List returns filenames only, without full paths. It lists all files and directories including hidden ones, but not the current and parent directory names . and ...

Functions Chars, Lines, and Bytes are all ambivalent. If only 𝕩 is given, then it is a filename, and the result is the contents of the file in the appropriate format. If there are two arguments, then 𝕨 is the filename and 𝕩 is the desired contents. These are written to the file, overwriting its contents, and the absolute filename 𝕨 is returned. The three formats are:

The following short names can also be provided for file access. They can be provided, and use the definitions from above even if •file is not provided.

Name Equivalent
•FChars •file.Chars
•FLines •file.Lines
•FBytes •file.Bytes

Open file object

Input and output

Name Summary
•Out Print argument string
•Show Print argument value
•Repr String representation of 𝕩, if possible
•Fmt Format value for printing

•Out prints a string to stdout, with a trailing newline. •Show displays a BQN value to the programmer (the representation is not specified, and does not need to be plain text). •Fmt returns a string (not a character table: lines are separated by linefeeds) indicating how 𝕩 would be printed by the interactive environment. Both •Show and •Fmt may take a left argument configuring how the value should be formatted.

•Repr attempts to return a string so that •BQN •Repr 𝕩 matches 𝕩. If 𝕩 contains any mutable values (operations or namespaces), this is not possible. However, if such a values is stateless, in the sense that they don't access variables outside of their own scopes, it is permissible for •Repr to return source code that would create a value with identical behavior.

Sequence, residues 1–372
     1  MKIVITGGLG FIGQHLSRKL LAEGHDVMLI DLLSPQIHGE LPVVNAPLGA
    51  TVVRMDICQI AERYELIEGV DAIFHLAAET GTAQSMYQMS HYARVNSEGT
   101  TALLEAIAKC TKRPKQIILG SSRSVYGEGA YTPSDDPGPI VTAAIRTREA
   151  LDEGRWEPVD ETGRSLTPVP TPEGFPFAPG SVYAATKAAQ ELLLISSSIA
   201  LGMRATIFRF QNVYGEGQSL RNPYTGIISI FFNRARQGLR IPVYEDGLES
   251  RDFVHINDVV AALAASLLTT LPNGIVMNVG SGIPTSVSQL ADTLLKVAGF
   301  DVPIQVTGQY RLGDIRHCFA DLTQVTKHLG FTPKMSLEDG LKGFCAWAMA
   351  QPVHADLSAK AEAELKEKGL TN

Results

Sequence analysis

Name Summary
•SH Execute shell command and return exitcodestdoutstderr

The argument to •SH is a list of strings giving the command and its arguments (for example "mv""old""new"). The command is executed synchronously, and the result is a list of three elements: the command's exit code, text written to stdout, and text written to stderr. In both cases the text is a plain string containing all text emitted by the program. Text is interpreted as UTF-8, with an error if it's not valid UTF-8.

Operation properties

Name Summary
•Type Return a number indicating type
•Glyph Return the glyph for a primitive
•Source Return the source of a block, as a string
•Decompose Show the parts of a compound function

Each function in this section is monadic.

•Type gives its argument's type, as a number from the table below:

Number Type
0 Array
1 Number
2 Character
3 Function
4 1-modifier
5 2-modifier
6 Namespace

•Glyph gives the glyph corresponding to a primitive as a single character, for example returning '+' given an argument matching +. It causes an error if the argument is not a primitive.

•Source gives a string containing a block's source, including the enclosing braces {}. It causes an error if the argument is not a block. In contrast to •Glyph, this function does not give full information about 𝕩 because the result cannot convey environment or mutable identity.

•Decompose breaks down one level of a compound function or modifier, returning a list with a code giving what kind of structure it has (as listed in the table below) followed by each of its components. "Other" includes blocks and system functions. Non-operations do not cause an error, but return code -1, then the argument as a single component. The result is thus a list of length 2 to 4, and •Decompose cannot cause an error.